• 5. If only the horizontal value is given, the vertical position will be 50%. Combinations of lengths andpercentages are allowed, as are negative positions. For example, 10% -2cm is permitted. However,percentages and lengths cannot be combined with keywords.The keywords are interpreted as follows: • top left = left top = 0% 0% • top = top center = center top = 50% 0% • right top = top right = 100% 0% • left = left center = center left = 0% 50% • center = center center = 50% 50% • right = right center = center right = 100% 50% • bottom left = left bottom = 0% 100% • bottom = bottom center = center bottom = 50% 100% • bottom right = right bottom = 100% 100%If the background image is fixed with regard to the canvas, the image is placed relative to the canvasinstead of the element.Authors may also use the shorthand background property, which is currently better supported than thebackground-position property.BackgroundSyntax: background: <value>Possible <background-color> || <background-image> || <background-repeat> || <background-Values: attachment> || <background-position>Initial Value: Not definedApplies to: All elementsInherited: NoThe background property is a shorthand for the more specific background-related properties. Someexamples of background declarations follow:BODY { background: white url(http://www.htmlhelp.com/foo.gif) }BLOCKQUOTE { background: #7fffd4 }P { background: url(../backgrounds/pawn.png) #f0f8ff fixed }TABLE { background: #0c0 url(leaves.jpg) no-repeat bottom right }A value not specified will receive its initial value. For example, in the first three rules above, thebackground-position property will be set to 0% 0%.To help avoid conflicts with user style sheets, background and color properties should always bespecified together.Text PropertiesWord SpacingSyntax: word-spacing: <value>Possible Values: normal | <length>Initial Value: normalApplies to: All elementsInherited: YesThe word-spacing property defines an additional amount of space between words. The value must be inthe length format; negative values are permitted.Examples:P EM { word-spacing: 0.4em }P.note { word-spacing: -0.2em }Letter SpacingSyntax: letter-spacing: <value>Possible Values: normal | <length>Initial Value: normalApplies to: All elementsInherited: YesThe letter-spacing property defines an additional amount of space between characters. The value must bein the length format; negative values are permitted. A setting of 0 will prevent justification.Examples:H1 { letter-spacing: 0.1em }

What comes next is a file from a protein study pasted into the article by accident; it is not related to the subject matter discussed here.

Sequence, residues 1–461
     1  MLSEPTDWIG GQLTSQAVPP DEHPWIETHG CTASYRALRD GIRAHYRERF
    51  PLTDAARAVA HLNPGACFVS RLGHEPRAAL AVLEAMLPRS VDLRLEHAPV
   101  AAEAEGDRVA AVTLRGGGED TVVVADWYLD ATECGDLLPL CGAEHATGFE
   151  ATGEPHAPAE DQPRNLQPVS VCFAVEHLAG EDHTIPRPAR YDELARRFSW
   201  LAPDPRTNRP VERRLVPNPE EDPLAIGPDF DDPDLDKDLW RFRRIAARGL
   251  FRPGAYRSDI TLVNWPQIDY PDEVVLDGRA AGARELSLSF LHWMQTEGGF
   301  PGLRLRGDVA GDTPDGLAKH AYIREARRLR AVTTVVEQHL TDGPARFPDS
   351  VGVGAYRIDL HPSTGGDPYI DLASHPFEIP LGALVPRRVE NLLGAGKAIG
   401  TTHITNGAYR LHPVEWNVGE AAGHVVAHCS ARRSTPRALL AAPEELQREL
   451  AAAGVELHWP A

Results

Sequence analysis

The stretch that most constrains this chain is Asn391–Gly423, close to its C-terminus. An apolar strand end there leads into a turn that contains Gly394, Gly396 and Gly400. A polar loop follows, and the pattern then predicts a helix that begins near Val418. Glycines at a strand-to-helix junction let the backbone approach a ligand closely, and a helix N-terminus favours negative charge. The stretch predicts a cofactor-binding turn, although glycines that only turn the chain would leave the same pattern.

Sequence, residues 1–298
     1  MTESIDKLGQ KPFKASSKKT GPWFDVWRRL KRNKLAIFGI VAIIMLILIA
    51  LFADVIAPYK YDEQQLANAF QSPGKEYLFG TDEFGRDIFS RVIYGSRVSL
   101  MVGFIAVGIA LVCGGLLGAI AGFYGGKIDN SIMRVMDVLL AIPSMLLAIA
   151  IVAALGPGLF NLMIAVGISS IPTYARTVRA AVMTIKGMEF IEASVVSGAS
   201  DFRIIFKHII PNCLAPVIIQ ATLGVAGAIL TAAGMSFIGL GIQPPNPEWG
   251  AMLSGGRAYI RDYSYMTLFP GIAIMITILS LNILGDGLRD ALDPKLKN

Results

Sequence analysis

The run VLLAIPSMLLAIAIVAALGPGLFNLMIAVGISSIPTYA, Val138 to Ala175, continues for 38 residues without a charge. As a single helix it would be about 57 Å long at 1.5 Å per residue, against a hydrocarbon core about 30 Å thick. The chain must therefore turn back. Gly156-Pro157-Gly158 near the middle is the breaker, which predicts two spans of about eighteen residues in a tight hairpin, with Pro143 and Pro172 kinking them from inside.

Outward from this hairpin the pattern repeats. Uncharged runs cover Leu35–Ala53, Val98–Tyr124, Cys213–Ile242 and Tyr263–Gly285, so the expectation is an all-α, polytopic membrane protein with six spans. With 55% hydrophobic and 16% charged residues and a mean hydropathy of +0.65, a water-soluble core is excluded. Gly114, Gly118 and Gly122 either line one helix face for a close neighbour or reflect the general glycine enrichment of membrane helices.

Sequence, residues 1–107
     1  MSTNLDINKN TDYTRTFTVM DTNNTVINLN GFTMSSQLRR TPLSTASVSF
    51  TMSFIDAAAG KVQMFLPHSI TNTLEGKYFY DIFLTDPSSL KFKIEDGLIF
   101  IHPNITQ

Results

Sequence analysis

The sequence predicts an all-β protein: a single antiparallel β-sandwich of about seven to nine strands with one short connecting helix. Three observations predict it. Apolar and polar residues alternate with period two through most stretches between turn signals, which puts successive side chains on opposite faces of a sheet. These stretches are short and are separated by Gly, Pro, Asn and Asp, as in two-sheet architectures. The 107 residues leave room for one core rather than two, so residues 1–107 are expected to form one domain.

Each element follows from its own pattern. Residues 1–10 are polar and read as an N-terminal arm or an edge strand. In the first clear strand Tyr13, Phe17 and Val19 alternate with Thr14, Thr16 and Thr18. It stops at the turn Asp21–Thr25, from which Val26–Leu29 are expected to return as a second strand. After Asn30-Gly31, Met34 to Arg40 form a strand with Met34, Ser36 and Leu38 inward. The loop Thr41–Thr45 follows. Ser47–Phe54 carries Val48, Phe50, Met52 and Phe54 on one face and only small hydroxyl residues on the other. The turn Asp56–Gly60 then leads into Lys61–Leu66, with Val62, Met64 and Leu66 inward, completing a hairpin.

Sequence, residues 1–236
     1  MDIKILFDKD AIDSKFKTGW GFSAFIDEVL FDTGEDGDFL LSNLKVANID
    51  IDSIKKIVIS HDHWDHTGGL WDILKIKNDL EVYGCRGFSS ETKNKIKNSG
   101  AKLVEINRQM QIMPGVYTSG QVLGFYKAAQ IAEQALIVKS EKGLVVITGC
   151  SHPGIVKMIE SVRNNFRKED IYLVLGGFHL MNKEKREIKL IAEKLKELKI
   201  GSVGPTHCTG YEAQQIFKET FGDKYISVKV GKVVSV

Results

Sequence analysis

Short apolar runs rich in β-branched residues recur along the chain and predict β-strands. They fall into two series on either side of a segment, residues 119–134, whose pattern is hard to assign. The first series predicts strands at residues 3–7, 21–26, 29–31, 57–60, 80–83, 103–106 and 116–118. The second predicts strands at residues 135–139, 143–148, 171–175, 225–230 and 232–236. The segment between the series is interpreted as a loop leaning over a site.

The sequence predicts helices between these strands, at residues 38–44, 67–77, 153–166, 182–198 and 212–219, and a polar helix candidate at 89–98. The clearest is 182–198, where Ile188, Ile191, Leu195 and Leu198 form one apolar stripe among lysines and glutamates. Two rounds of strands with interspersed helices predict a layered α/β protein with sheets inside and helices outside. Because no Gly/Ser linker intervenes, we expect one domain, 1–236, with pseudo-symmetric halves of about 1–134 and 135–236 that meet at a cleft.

• 6. P.note { letter-spacing: -0.1em }Text DecorationSyntax: text-decoration: <value>Possible Values: none | [ underline || overline || line-through || blink ]Initial Value: noneApplies to: All elementsInherited: NoThe text-decoration property allows text to be decorated through one of five properties: underline,overline, line-through, blink, or the default, none.For example, one can suggest that links not be underlined withA:link, A:visited, A:active { text-decoration: none }Vertical AlignmentSyntax: vertical-align: <value>Possible Values: baseline | sub | super | top | text-top | middle | bottom | text-bottom | <percentage>Initial Value: baselineApplies to: Inline elementsInherited: NoThe vertical-align property may be used to alter the vertical positioning of an inline element, relative to itsparent element or to the elements line. (An inline element is one which has no line break before and afterit, for example, EM, A, and IMG in HTML.)The value may be a percentage relative to the elements line-height property, which would raise theelements baseline the specified amount above the parents baseline. Negative values are permitted.The value may also be a keyword. The following keywords affect the positioning relative to the parentelement: • baseline (align baselines of element and parent) • middle (align vertical midpoint of element with baseline plus half the x-height--the height of the letter "x"--of the parent) • sub (subscript) • super (superscript) • text-top (align tops of element and parents font) • text-bottom (align bottoms of element and parents font)The keywords affecting the positioning relative to the elements line are • top (align top of element with tallest element on the line) • bottom (align bottom of element with lowest element on the line)The vertical-align property is particularly useful for aligning images. Some examples follow:IMG.middle { vertical-align: middle }IMG { vertical-align: 50% }.exponent { vertical-align: super }Text TransformationSyntax: text-transform: <value>Possible Values: none | capitalize | UPPERCASE | lowercaseInitial Value: noneApplies to: All elementsInherited: YesThe text-transform property allows text to be transformed by one of four properties: • capitalize (capitalizes first character of each word) • uppercase (capitalizes all characters of each word) • lowercase (uses small letters for all characters of each word) • none (the initial value)Examples:H1 { text-transform: uppercase }H2 { text-transform: capitalize }The text-transform property should only be used to express a stylistic desire. It would be inappropriate,for example, to use text-transform to capitalize a list of countries or names.Text AlignmentSyntax: text-align: <value>